According to Goran Buldioski, director of the Open Society Foundation’s work in Europe: “Cosmetic changes to the law in response to the Venice Commission have not altered the law’s true intent: it seeks to suppress democratic voices in Hungary just when the country needs them most. It attacks Hungarians who help fellow citizens challenge corruption and arbitrary power, and who stand up for free and independent media and for open debate.

“The law ignores the main Venice Commission recommendations, but in doing so it violates EU law protecting the freedom of association, the free movement of capital and freedom from discrimination. It undermines the very fundamentals of European democracy,” Buldioski notes.

Despite the Hungarian government’s sense of urgency in adopting the NGO legislation to address unspecified “national security” concerns and increased transparency, its critics argue the bill lacks any real justification. Hungarian law already calls for NGOs to comply with vigorous transparency measures, including statutory requirements to publish all funding.

Exemptions are granted under the law. For instance, the law does not apply to religious, sports organizations or any organization that receives foreign funds if said funds are transferred through a state budgetary institution.

Several Hungarian watchdog organizations and rights groups are expected to challenge the constitutionality of the bill.

“We continue to believe in the rule of law and democracy in Hungary and endorse the actions of those NGOs who have said they will challenge its legality,” says Peter Nizak, head of Open Society Foundation’s work in Hungary. “The NGOs that will be particularly hard hit by this discriminatory and unnecessary law have our full solidarity.”

Human Rights Watch, an international NGO that conducts research and advocacy on human rights, says there is little doubt that the goal is to stigmatize independent groups by using the label “foreign-funded”, and to interfere with their ability to work freely, including by putting unnecessary burdens on them and threatening them with sanctions.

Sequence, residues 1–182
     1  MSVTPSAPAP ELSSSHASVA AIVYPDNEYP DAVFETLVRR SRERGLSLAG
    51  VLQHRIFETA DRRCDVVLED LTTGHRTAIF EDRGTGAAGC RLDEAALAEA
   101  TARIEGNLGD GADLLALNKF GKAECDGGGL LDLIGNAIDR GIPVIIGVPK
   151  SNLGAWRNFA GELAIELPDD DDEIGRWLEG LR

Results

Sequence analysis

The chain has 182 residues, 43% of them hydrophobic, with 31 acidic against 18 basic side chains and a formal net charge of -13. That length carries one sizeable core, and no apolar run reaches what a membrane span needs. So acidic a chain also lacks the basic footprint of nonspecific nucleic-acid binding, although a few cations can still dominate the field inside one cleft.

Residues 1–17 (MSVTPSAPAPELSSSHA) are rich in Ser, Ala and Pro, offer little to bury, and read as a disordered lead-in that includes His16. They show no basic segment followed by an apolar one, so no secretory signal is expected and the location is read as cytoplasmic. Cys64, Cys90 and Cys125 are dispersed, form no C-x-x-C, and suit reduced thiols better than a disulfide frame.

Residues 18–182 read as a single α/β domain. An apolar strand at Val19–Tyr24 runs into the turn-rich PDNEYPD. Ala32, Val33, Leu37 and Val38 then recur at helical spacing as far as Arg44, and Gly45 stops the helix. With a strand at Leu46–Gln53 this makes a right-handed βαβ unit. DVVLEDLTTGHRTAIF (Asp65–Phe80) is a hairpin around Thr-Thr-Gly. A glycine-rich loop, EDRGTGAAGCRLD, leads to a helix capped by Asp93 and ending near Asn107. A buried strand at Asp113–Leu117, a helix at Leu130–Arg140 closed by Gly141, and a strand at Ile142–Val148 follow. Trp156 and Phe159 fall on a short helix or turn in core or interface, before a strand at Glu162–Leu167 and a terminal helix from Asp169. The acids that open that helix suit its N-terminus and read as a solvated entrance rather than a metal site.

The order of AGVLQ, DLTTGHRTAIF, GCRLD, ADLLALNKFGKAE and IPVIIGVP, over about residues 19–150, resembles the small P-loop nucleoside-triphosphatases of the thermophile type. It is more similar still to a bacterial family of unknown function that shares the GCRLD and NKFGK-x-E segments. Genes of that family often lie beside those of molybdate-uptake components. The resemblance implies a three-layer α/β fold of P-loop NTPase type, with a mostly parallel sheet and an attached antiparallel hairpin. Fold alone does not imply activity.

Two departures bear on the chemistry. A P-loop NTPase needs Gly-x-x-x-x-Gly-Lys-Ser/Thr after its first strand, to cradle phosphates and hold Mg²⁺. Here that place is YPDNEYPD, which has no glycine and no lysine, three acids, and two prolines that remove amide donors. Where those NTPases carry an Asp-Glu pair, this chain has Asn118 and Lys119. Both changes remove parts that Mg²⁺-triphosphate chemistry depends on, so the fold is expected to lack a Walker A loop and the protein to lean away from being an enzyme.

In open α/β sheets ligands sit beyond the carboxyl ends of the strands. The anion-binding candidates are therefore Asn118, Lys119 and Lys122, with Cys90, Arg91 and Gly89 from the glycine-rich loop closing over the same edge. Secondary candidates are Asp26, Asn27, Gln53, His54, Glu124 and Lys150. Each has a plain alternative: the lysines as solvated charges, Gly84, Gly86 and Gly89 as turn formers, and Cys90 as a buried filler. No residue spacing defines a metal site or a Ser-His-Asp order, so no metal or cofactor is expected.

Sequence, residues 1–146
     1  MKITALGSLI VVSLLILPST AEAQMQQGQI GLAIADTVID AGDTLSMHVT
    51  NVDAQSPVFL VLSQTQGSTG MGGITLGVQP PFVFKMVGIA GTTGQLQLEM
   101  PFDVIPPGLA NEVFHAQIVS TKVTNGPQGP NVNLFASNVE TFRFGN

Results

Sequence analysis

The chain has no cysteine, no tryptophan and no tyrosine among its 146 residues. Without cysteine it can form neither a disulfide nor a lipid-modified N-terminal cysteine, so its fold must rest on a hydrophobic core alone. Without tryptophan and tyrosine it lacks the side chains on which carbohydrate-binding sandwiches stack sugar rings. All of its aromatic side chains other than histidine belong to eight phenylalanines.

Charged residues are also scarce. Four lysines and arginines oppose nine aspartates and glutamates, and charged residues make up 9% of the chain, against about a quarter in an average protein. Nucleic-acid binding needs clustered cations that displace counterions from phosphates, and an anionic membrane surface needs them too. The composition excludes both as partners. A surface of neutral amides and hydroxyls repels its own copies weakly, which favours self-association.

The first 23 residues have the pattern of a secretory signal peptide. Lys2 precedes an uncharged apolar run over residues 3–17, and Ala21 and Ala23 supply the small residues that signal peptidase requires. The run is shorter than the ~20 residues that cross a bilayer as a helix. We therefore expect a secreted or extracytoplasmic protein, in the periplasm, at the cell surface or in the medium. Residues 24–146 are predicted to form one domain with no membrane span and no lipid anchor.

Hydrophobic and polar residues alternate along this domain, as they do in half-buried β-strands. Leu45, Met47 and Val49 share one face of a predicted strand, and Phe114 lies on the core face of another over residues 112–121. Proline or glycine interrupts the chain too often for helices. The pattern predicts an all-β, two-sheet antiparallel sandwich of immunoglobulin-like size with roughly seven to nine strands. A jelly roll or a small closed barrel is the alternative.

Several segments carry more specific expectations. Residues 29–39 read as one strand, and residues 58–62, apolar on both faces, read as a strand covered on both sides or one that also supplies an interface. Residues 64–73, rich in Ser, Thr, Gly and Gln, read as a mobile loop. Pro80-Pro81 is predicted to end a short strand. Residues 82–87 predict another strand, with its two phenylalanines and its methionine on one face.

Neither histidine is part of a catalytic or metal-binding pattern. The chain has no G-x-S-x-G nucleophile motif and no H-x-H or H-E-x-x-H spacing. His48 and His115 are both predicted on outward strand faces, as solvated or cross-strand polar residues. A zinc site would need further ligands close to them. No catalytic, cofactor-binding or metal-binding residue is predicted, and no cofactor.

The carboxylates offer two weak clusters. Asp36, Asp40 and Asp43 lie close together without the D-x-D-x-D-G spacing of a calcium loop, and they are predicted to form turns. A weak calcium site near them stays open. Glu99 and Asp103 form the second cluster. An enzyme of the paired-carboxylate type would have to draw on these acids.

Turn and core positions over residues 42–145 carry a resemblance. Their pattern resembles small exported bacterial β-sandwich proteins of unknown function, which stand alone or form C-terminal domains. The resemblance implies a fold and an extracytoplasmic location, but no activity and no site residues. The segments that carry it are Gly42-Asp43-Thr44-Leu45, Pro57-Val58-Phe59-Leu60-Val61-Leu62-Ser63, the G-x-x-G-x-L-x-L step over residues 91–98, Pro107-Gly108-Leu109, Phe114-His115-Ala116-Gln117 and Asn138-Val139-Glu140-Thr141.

In May, we interviewed Benjamin Ward, deputy director of the Europe and Central Asia division at Human Rights Watch. He explained how Hungary’s treatment of asylum-seekers, Lex CEU and the NGO bill are part of a broader authoritarian trend in the country.

Hungarian NGOs defiant

In a statement released after the vote, the Hungarian Helsinki Committee announced that it will

  • not use the now legally-required “foreign-funded” label until being ordered by a court to do so;
  • file a complaint with Hungary’s Constitutional Court;
  • initiate proceedings with the European Court of Human Rights;
  • initiate a review of the law with the Court of Justice of the European Union in Luxembourg to determine whether the law conforms with fundamental rights granted under EU law;
  • campaign in Hungary to raise awareness about the importance civil society plays in democracy; and
  • inform “the most important international organizations and international public opinion about the Putin-like labeling of society and civil society organizations”.

The Hungarian Civil Liberties Union has also announced that it will not abide by the requirements of the law, and will exhaust all domestic and international legal fora to challenge the legislation.